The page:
Cadwalader Park – An Olmsted Vision (Abridged)

Posted in Current Exhibits, Exhibits, Featured

Holmes Bandshell 2

On Display Now through Patriot’s Week

This past summer, former and current admirers of Cadwalader Park visited Ellarslie to enjoy exhibits about their beloved park and its designer. Visitors so loved the exhibit, that many of the items and historical images from the  have been consolidated into one large second floor gallery.  Visitors will meet the Park’s originators — Frederick Law Olmsted, landscape architect, and Edmund Hill of Trenton – and appreciate the success of their work.  Vintage photos, postcards, paintings and air photos bring museum visitors into every corner of the Park in a period spanning 115 years.

Watch this video about the park.

Frederick Law Olmsted, designer of Central Park and Trenton’s own Cadwalader Park, is considered to be the father of American landscape architecture.  His public parks, the design of which he was most proud, have had a lasting effect on urban America. Celebrating 115 years of that legacy, the exhibit at Ellarslie will explore the importance of Cadwalader Park to Trenton residents and visitors alike.

Read more about the park.

Frederick Law Olmsted

Frederick Law Olmsted

Born in Hartford, Connecticut in 1822, Frederick Law Olmsted spent many years experiencing various professions and touring the world seeking and absorbing knowledge before honing in on landscape design as his life’s passion. He first studied surveying, engineering, chemistry and farming and toured Europe visiting numerous parks and private estates. He published books on his travels and used his literary activities to oppose slavery and to argue for abolition of slavery in the southern United States.

By the time FLO began his work in landscape architecture, he had developed a belief in community and understood the importance of public institutions. Olmsted believed that the public realm should be a respite; a place to retreat from the stress of urban life, and that public open space should be accessible to all people. In 1857 he took the position of superintendent of Central Park in New York City and, along with architect Calvin Vaux, won the design competition for the park the following year. He then spent the next seven years as the primary administrator in charge of the construction of Central Park. Olmsted’s success in park-making in NYC led to his renowned career designing and creating some of our nation’s most important urban parks. By the time FLO began to design Cadwalader Park in 1890, he had been planning parks in this country’s leading cities for over 30 years. Cadwalader Park in Trenton is Olmsted’s last great urban park.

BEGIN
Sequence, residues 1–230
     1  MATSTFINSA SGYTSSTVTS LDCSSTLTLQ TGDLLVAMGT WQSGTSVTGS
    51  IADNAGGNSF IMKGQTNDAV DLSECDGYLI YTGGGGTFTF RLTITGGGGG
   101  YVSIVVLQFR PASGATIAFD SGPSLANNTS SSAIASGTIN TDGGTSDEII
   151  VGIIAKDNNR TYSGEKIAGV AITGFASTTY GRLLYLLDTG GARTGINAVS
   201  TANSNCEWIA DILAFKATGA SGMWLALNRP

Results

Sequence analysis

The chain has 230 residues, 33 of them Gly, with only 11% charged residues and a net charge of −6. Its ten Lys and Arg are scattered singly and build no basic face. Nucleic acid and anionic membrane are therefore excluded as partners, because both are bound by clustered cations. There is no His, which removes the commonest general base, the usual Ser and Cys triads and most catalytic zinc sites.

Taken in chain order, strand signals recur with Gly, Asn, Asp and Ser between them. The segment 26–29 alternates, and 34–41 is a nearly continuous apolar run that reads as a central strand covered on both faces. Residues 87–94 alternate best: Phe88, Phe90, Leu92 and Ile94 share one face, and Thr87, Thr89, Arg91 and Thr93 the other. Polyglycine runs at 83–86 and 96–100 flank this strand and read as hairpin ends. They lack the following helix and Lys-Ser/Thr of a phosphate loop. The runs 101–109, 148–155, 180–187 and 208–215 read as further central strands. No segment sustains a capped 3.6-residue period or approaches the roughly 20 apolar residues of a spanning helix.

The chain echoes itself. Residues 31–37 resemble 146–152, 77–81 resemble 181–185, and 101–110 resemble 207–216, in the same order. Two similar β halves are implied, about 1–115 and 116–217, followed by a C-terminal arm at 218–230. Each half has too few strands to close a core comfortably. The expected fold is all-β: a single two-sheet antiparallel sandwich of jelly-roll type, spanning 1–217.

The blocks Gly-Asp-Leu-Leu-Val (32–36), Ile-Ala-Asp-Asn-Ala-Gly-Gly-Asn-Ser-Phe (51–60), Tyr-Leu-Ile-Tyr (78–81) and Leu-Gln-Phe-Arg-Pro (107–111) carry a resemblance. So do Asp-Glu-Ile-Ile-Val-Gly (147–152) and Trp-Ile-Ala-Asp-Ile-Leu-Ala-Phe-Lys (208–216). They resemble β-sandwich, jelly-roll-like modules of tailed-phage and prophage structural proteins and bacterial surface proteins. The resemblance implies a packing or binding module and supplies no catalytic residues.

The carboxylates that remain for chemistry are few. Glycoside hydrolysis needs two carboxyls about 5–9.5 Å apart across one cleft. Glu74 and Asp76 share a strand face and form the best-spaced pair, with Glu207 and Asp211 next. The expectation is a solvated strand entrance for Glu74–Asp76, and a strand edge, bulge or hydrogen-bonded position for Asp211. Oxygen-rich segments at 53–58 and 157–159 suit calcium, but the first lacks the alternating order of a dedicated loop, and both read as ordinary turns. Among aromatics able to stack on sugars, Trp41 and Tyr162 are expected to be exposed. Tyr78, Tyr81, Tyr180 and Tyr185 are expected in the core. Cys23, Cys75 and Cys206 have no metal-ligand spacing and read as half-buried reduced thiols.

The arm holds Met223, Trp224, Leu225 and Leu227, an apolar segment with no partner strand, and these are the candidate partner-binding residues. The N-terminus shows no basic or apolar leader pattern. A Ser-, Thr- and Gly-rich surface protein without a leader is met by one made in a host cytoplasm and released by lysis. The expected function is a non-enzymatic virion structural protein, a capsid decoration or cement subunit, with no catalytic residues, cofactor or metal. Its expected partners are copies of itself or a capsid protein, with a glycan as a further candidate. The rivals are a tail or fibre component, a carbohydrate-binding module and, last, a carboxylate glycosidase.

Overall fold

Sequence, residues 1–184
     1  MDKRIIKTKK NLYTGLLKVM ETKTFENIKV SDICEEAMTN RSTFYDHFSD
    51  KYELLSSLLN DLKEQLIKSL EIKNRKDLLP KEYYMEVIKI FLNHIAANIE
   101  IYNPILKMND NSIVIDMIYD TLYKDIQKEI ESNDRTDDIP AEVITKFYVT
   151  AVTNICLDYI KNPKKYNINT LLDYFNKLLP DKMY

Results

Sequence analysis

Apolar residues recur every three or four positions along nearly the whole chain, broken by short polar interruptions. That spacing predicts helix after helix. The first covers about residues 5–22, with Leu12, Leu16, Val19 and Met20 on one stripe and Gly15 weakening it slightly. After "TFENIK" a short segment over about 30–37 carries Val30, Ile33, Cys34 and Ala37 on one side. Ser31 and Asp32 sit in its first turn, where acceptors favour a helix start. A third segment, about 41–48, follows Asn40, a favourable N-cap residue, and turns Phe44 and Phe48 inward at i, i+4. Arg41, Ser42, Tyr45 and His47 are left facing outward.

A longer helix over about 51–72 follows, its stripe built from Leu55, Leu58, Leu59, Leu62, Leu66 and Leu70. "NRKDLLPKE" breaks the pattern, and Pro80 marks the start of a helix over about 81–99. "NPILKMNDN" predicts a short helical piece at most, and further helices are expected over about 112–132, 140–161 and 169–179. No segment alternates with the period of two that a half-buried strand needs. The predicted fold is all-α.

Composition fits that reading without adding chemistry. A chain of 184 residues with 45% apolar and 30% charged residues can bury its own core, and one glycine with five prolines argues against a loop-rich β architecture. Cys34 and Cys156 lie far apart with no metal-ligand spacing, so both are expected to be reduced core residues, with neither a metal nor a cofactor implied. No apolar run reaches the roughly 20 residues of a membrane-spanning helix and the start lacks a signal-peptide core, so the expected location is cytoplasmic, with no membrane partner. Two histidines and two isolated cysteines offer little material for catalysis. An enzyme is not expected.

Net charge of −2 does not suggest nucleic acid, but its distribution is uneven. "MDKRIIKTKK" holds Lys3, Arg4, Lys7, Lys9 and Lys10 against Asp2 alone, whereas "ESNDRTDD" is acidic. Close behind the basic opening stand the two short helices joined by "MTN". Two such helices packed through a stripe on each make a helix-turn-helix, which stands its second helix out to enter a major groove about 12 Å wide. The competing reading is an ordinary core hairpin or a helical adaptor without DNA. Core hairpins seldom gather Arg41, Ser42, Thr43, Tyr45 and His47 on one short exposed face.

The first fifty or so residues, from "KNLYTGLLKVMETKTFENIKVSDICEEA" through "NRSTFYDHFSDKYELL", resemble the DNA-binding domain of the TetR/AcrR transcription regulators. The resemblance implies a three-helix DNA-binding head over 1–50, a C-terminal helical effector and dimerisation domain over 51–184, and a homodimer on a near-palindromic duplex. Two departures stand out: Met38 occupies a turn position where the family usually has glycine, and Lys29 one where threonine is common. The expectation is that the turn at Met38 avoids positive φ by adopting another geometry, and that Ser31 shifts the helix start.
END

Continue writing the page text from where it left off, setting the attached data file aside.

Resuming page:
Cadwalader Park has the distinction of being the only New Jersey park designed personally by Frederick Law Olmsted. While many other New Jersey parks and spaces were designed by the Olmsted firm in the years following the creation of Trenton’s largest park, Cadwalader is the only New Jersey park to be designed by FLO himself. Trenton is fortunate to possess one of these urban treasures which still preserves many of the landscape and spatial qualities of the original plan. Cadwalader Park is beloved by many of Trenton’s residents who nostalgically recall pony rides, picnics, concerts and the balloon man and, also, by many who come today to experience tennis matches, baseball games and family outings not to mention those who flock to the various exhibits offered at the Trenton City Museum.

In addition, Mercer County is privileged to accommodate Olmsted’s greatest campus design, the grounds of Lawrenceville School. Olmsted’s core design principles are evident at Lawrenceville School in the rolling landscape and curving paths throughout.

Read this article about Cadwalader Park and the summer exhibit in the Philadelphia Inquirer.

Read this review of the summer exhibit by Anthony Stoeckert.

Read this article by Ilene Dube.

A more extensive article by Ilene Dube can be found here.

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